Driven by the Fear Factor
Everyone wants to be a star, until they discover it can be scary at the top. Gavin de Becker, a charismatic, controversial private-security specialist, wanted success and recognition as much as any American dreamer. But he quickly learned about the dark side of public life--the constant scrutiny, the dangers posed by wacko fans. Now 48, he has been a celebrity assistant, presidential advisor, expert witness, author, entrepreneur and script consultant. He’s worked for and been befriended by some of the most celebrated people in the world.
Like George Harrison. The former Beatle came to Los Angeles to die late last year. De Becker wanted his friend to have privacy and safety, and if shielding Harrison would upset some people, De Becker’s attitude was, so be it. He’d made enemies before. After Harrison died, De Becker’s strategy backfired, and he found himself embroiled in a big public mess.
Harrison’s death capped a busy season for the consultant. He never sought to profit from the tragedy of Sept. 11. Yet understanding fear is his metier and, suddenly, the whole country was jittery. So in the weeks following the terrorist attacks, he constantly answered his phone, even at 3 a.m., whenever a celebrity or a corporate client felt the need to talk about biological or chemical warfare.
“I frequently get calls from people who are afraid or concerned about something,” he says. “But after Sept. 11, I spoke to more people who were afraid than in any other time in my life. They were asking me questions that God could answer much better than I could. ‘What city do you think will be hit next?’ ‘If we do travel, where is it safe to stay?’ I came to the conclusion that the only place not to be was in the imagination, because that’s where all the really dangerous stuff was going on.”
De Becker’s response to the public’s panic was to write a book, “Fear Less: Real Truth About Risk, Safety and Security in a Time of Terrorism” (Little, Brown, $19.95). His first book, “The Gift of Fear,” (Little, Brown, 1997) had reached No. 4 on the New York Times’ bestseller list, revealing the depth of public interest in demystifying and predicting violence. His follow-up, “Protecting the Gift,” (Dial Press, 1999) was a guide to keeping children and teenagers safe. The latest work explains that terrorism isn’t something completely new in America and that this country would be better off if its citizens soberly examined potential threats, rather than automatically buying into the kind of speculation and mass hysteria fomented by De Becker’s nemesis, television news. The author’s share of profits from “Fear Less” will go to Victory over Violence, a Pacific Palisades-based charity that provides support to families affected by violence.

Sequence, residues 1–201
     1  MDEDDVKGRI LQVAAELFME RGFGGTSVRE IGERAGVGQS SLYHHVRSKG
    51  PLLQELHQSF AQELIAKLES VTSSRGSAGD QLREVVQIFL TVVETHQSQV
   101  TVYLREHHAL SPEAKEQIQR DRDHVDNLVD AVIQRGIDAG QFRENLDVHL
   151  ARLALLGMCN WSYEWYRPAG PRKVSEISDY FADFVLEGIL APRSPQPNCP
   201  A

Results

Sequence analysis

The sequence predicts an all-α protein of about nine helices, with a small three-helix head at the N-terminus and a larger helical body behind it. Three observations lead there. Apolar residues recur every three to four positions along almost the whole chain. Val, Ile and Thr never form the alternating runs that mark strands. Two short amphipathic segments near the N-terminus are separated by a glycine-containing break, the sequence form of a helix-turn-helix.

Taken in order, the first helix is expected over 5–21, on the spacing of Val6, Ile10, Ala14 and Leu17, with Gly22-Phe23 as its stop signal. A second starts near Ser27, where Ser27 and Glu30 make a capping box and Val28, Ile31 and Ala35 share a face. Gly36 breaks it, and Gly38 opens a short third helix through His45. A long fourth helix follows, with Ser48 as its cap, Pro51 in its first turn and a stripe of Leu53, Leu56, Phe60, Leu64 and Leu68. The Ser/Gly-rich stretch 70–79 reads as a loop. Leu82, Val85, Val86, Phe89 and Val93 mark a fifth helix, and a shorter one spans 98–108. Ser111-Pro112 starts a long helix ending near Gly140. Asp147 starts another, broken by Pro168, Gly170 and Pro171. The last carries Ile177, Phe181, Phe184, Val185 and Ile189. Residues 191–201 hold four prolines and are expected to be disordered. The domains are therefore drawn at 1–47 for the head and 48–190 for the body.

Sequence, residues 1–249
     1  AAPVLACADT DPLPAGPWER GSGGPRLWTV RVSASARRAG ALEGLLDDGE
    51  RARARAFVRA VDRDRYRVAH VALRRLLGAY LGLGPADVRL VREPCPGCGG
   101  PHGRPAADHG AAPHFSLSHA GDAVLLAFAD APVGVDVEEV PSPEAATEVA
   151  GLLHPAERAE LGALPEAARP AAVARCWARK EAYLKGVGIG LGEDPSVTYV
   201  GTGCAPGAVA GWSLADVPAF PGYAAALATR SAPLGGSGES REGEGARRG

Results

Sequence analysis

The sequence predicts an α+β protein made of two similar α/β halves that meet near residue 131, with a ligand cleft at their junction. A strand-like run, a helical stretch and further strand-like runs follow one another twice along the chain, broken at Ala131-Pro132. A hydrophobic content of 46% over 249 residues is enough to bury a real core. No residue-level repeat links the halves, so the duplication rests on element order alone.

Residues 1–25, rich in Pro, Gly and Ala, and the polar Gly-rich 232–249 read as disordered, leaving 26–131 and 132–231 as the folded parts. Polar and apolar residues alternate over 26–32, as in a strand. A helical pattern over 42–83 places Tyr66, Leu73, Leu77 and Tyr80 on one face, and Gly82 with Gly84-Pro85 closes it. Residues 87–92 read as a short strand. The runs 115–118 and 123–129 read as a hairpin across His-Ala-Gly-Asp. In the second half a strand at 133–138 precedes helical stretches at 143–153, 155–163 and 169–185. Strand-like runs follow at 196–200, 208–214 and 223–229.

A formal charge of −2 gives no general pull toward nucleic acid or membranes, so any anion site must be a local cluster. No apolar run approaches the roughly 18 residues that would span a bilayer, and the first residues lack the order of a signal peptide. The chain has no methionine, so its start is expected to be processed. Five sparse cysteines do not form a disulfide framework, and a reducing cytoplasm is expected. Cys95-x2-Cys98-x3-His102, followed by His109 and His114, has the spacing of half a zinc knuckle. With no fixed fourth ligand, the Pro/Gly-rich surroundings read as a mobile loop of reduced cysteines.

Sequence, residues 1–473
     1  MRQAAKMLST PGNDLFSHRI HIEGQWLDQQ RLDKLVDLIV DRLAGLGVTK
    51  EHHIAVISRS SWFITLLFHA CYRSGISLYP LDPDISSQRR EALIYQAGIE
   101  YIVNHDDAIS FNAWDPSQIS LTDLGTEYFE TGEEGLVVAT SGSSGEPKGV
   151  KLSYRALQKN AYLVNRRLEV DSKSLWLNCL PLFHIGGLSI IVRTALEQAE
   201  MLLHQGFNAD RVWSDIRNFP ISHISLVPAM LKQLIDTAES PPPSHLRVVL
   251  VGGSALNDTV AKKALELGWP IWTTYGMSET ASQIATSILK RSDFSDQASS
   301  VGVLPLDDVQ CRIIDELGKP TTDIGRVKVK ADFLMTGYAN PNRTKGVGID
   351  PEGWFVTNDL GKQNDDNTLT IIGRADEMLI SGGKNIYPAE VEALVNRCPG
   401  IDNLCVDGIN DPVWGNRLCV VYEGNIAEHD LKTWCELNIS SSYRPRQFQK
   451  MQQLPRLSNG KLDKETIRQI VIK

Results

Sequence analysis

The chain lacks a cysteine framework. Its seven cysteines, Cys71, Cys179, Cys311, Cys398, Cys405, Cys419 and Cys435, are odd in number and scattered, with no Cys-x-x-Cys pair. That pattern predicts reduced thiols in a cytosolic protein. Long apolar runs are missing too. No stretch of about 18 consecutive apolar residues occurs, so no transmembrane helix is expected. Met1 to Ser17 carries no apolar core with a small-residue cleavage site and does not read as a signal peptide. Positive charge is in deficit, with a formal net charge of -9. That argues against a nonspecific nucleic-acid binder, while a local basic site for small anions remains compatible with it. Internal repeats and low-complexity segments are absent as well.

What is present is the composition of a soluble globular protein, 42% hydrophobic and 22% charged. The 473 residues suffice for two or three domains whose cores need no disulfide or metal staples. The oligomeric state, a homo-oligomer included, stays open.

Fear, to De Becker, is more than a catchy word to put in a book title. It is the foundation of the Los Angeles-based business he has built over the last 25 years. A pioneer in the still-developing field of threat assessment, he analyzes fear, categorizes it, heeds or discounts it.
“Fear Less” is a balm for psyches frazzled by current events. He debunks a number of worst-case scenarios terrorism has inspired, from mass death from anthrax to nuclear attack. (“A nuclear device used by terrorists would be low-yield; it would not, contrary to our worst imaginings, level whole cities.”) He believes that when the unknown is studied, it can be better understood and controlled. Information is power. He who has it has the ability to instill fear, or minimize risk.
What would be considered a routine risk minimization procedure in De Becker’s world led to a brouhaha after Harrison’s death. The singer, who was not a client, didn’t own a home in Los Angeles. He knew his condition was terminal and needed a place where his friends could come to say goodbye. De Becker rented a house in Coldwater Canyon for the Harrisons to use. Everyone who visited was given a nonexistent address on Coldwater, where they were met and escorted to the house.
When Harrison died, the funeral home was given the same non-address for picking up the body and listed it on the death certificate. When it was revealed that the death certificate included a fictitious address, a chorus of questions and accusations arose. Was someone deliberately trying to falsify information on a legal document? Why did Harrison die at a house rented to De Becker? Gloria Allred filed a complaint about the discrepancy. Conspiracy theories fed the gossip machine. The investigation that followed was, De Becker says, “a silly waste of taxpayer money.”